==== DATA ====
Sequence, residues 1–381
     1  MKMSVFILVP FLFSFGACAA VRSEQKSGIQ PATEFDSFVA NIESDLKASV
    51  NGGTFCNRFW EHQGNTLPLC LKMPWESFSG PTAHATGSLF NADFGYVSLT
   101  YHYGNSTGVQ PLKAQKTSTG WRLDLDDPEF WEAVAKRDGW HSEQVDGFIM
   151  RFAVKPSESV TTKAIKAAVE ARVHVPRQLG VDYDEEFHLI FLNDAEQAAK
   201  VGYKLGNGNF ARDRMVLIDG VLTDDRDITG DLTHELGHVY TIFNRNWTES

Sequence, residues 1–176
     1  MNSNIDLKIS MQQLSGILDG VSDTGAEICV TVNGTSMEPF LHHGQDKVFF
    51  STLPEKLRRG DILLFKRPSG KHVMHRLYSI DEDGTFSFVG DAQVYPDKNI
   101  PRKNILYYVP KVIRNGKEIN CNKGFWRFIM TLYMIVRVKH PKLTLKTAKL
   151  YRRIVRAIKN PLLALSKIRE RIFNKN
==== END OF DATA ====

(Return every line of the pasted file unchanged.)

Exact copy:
Sequence, residues 1–381
     1  MKMSVFILVP FLFSFGACAA VRSEQKSGIQ PATEFDSFVA NIESDLKASV
    51  NGGTFCNRFW EHQGNTLPLC LKMPWESFSG PTAHATGSLF NADFGYVSLT
   101  YHYGNSTGVQ PLKAQKTSTG WRLDLDDPEF WEAVAKRDGW HSEQVDGFIM
   151  RFAVKPSESV TTKAIKAAVE ARVHVPRQLG VDYDEEFHLI FLNDAEQAAK
   201  VGYKLGNGNF ARDRMVLIDG VLTDDRDITG DLTHELGHVY TIFNRNWTES

Sequence, residues 1–176
     1  MNSNIDLKIS MQQLSGILDG VSDTGAEICV TVNGTSMEPF LHHGQDKVFF
    51  STLPEKLRRG DILLFKRPSG KHVMHRLYSI DEDGTFSFVG DAQVYPDKNI
   101  PRKNILYYVP KVIRNGKEIN CNKGFWRFIM TLYMIVRVKH PKLTLKTAKL
   151  YRRIVRAIKN PLLALSKIRE RIFNKN